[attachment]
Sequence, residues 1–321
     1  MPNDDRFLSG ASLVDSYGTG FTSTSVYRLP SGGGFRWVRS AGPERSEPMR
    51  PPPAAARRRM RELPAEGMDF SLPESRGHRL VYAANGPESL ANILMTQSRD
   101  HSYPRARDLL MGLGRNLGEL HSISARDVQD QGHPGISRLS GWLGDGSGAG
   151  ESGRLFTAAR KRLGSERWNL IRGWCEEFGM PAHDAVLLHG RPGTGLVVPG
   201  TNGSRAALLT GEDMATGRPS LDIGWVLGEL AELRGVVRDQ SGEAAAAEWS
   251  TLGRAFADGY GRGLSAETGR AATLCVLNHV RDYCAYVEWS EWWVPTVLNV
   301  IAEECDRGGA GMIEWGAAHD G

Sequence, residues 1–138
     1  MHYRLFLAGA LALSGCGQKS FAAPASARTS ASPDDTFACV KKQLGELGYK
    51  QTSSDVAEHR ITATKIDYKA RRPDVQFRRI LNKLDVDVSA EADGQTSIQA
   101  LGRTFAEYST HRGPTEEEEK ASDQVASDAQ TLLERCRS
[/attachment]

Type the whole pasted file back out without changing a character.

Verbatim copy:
Sequence, residues 1–321
     1  MPNDDRFLSG ASLVDSYGTG FTSTSVYRLP SGGGFRWVRS AGPERSEPMR
    51  PPPAAARRRM RELPAEGMDF SLPESRGHRL VYAANGPESL ANILMTQSRD
   101  HSYPRARDLL MGLGRNLGEL HSISARDVQD QGHPGISRLS GWLGDGSGAG
   151  ESGRLFTAAR KRLGSERWNL IRGWCEEFGM PAHDAVLLHG RPGTGLVVPG
   201  TNGSRAALLT GEDMATGRPS LDIGWVLGEL AELRGVVRDQ SGEAAAAEWS
   251  TLGRAFADGY GRGLSAETGR AATLCVLNHV RDYCAYVEWS EWWVPTVLNV
   301  IAEECDRGGA GMIEWGAAHD G

Sequence, residues 1–138
     1  MHYRLFLAGA LALSGCGQKS FAAPASARTS ASPDDTFACV KKQLGELGYK
    51  QTSSDVAEHR ITATKIDYKA RRPDVQFRRI LNKLDVDVSA EADGQTSIQA
   101  LGRTFAEYST HRGPTEEEEK ASDQVASDAQ TLLERCRS